How could the EU’s green tariff impact businesses?

Leeann Nash January 25th 2023 - 3 minute read

In mid-December 2022, the EU became the first large economy to introduce a ‘green tariff’, which will be levied on high-emission goods imported into the bloc.

Member states still need to iron out the details, but the new legislation may have a big impact on industries worldwide. In this article, we look at how the EU’s green tariff could affect businesses.

What is the new green tariff?

The carbon border adjustment mechanism (CBAM) is part of the EU’s push for a greener economy. Under the CBAM, imports into the EU will essentially be subject to a carbon tax. Companies will be required to report on their emissions, with high-carbon goods facing penalty charges.

The main goal is to prevent what’s known as ‘carbon leakage’. As the EU enforces more stringent environmental regulations within its borders, companies that remain within the bloc could be at a competitive disadvantage. Greener firms will find themselves undercut by those operating in countries with softer regulations, and some may choose to move operations overseas to benefit from cheaper production costs.

Of course this would undermine the EU’s attempts to clean up its economy and could see an industry exodus out of the bloc, so the EU introduced the CBAM.

Initially the CBAM will only affect imports of iron and steel, cement, fertilisers, aluminium, electricity, hydrogen, and some chemicals. A trial period should come into effect from October 2023, provided EU member states can ratify the agreement.

At first companies will only need to report the emissions associated with the goods they sell. At a later stage, levies will be applied to higher-emission goods and products.

How will it impact business?

Higher costs around EU imports

Firms producing goods within the EU stand to benefit the most from the CBAM, as it will hopefully create a level playing field and stop foreign companies undercutting them on the EU market.

On the other hand, companies exposed to the green tariff could face increased costs. Goods producers who export to the EU will have to comply with more regulatory scrutiny, with the increase in admin alone potentially exacting a toll. If their green credentials aren’t up to scratch, they eventually may have to pay a further charge.

Meanwhile, businesses within the EU who purchase these foreign imports could see their costs increase, too, as producers may not be willing or able to absorb all the costs of the tariff.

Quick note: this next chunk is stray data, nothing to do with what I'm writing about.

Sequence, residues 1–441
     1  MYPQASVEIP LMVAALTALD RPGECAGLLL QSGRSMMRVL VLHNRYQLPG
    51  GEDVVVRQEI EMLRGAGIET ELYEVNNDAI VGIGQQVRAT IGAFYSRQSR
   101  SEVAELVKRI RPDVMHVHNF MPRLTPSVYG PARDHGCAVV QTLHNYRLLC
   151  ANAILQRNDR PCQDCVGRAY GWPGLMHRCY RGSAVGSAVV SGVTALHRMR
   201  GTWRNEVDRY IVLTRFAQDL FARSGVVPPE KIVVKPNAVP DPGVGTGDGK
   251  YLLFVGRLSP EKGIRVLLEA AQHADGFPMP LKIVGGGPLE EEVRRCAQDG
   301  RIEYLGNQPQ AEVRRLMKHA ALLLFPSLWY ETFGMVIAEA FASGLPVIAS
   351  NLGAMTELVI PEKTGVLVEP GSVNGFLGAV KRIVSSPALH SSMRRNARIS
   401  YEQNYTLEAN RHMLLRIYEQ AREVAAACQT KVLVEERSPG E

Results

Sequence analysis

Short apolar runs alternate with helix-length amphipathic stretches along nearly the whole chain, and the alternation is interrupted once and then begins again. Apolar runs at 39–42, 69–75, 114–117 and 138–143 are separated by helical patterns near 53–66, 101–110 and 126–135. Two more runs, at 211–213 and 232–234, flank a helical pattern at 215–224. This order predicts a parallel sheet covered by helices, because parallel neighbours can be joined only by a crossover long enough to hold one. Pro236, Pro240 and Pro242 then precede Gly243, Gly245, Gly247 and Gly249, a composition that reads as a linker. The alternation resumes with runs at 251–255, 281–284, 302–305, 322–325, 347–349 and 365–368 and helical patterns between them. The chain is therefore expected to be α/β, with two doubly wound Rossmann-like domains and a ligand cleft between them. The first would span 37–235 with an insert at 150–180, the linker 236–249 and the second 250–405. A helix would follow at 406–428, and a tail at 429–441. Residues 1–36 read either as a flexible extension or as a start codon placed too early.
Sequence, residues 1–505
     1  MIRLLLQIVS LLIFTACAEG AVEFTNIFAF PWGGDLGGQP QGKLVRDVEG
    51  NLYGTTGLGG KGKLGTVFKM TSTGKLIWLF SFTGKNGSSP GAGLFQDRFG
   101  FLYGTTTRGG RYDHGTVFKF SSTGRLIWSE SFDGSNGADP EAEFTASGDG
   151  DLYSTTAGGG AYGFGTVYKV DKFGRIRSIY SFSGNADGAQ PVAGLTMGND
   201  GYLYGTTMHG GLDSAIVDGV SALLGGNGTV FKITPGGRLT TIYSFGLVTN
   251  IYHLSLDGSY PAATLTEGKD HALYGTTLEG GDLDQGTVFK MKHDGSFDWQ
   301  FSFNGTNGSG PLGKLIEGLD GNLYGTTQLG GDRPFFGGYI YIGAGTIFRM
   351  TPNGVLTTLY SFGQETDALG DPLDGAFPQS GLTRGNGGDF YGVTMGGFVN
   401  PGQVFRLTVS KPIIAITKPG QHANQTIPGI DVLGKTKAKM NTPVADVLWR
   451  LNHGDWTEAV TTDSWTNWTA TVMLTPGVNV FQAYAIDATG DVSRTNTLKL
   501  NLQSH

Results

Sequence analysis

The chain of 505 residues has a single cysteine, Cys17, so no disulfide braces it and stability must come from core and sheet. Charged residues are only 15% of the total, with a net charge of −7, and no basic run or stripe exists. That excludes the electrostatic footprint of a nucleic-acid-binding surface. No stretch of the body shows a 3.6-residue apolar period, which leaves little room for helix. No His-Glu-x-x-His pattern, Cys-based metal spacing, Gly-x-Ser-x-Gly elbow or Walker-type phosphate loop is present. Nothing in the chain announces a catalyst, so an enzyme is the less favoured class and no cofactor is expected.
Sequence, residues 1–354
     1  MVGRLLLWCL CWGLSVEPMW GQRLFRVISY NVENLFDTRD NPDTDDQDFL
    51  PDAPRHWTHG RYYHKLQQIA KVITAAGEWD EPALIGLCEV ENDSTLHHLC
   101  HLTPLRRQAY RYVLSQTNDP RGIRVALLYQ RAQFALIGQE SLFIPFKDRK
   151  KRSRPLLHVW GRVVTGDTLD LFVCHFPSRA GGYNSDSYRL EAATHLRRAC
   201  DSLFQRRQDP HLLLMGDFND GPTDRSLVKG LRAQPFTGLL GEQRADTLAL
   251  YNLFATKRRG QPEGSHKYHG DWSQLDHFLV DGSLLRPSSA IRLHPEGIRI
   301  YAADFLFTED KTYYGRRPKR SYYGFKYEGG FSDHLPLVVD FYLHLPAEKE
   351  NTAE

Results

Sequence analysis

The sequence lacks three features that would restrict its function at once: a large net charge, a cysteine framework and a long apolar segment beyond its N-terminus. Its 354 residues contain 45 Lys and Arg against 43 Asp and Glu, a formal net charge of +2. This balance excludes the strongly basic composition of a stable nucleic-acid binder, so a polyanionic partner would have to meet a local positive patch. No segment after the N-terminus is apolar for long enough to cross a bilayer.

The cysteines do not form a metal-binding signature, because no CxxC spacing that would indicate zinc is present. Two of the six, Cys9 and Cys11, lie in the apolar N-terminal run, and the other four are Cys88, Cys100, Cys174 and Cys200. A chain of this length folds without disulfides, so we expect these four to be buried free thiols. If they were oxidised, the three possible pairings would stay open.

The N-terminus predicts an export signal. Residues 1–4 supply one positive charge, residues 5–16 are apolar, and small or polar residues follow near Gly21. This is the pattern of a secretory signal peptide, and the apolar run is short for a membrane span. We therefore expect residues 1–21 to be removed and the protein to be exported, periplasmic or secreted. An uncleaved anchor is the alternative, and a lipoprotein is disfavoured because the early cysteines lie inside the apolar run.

Accelerate the green transition

On a more positive note, the new legislation could help speed up the EU’s transition to a greener economy, and perhaps even encourage companies outside of the bloc to clean up their operations.

By disincentivising moving out of the EU, the CBAM will hopefully mean more companies choose to stay within the bloc and focus on finding more environmentally friendly processes, products and suppliers.

This, in turn, could drive green growth. As companies seek to reduce their emissions, the demand for new technologies and services will increase.

Trade retaliation from other countries

One potential risk of the CBAM is that it might provoke retaliation from other countries. If the EU slaps tariffs on steel from China or chemicals from the US, those countries may respond with tariffs of their own.

This threat comes at a time of increased protectionism and heightened geopolitical tensions. The shock of the Covid pandemic highlighted the fragility of global supply chains, prompting many countries to ramp up domestic production. Meanwhile, the rift between the West and rival powers Russia and China seems to be widening.

Even tensions between the US and the EU – typically political allies – are growing. The Biden administration recently unveiled its Inflation Reduction Act, which includes $369bn in spending on green policies. The EU is responding with its own Net-Zero Industry Act, as the two superpowers jostle for space in the global renewable sector.

Of course, increased tariffs and trade barriers would be bad for international trade. Meanwhile, domestic producers may benefit from subsidies and tax cuts.

Overall, it looks like the green transition is picking up pace, and it could prove disruptive. Businesses need to be resilient and agile to avoid the risks while capitalising on the opportunities.

Written by
Leeann Nash

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